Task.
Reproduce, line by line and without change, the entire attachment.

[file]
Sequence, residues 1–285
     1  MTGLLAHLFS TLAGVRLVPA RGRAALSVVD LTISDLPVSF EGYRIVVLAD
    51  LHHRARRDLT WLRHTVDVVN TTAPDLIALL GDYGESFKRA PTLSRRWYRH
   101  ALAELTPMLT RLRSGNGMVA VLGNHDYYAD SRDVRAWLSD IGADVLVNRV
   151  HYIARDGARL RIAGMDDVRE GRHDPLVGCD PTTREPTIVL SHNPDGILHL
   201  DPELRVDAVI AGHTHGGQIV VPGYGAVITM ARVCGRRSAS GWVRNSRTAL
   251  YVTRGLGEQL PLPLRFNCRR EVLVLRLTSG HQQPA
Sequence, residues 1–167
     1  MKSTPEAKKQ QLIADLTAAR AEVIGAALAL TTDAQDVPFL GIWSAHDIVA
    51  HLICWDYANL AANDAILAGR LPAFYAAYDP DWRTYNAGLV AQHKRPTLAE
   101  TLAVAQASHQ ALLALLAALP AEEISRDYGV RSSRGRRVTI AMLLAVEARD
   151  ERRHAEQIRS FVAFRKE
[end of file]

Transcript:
Sequence, residues 1–285
     1  MTGLLAHLFS TLAGVRLVPA RGRAALSVVD LTISDLPVSF EGYRIVVLAD
    51  LHHRARRDLT WLRHTVDVVN TTAPDLIALL GDYGESFKRA PTLSRRWYRH
   101  ALAELTPMLT RLRSGNGMVA VLGNHDYYAD SRDVRAWLSD IGADVLVNRV
   151  HYIARDGARL RIAGMDDVRE GRHDPLVGCD PTTREPTIVL SHNPDGILHL
   201  DPELRVDAVI AGHTHGGQIV VPGYGAVITM ARVCGRRSAS GWVRNSRTAL
   251  YVTRGLGEQL PLPLRFNCRR EVLVLRLTSG HQQPA
Sequence, residues 1–167
     1  MKSTPEAKKQ QLIADLTAAR AEVIGAALAL TTDAQDVPFL GIWSAHDIVA
    51  HLICWDYANL AANDAILAGR LPAFYAAYDP DWRTYNAGLV AQHKRPTLAE
   101  TLAVAQASHQ ALLALLAALP AEEISRDYGV RSSRGRRVTI AMLLAVEARD
   151  ERRHAEQIRS FVAFRKE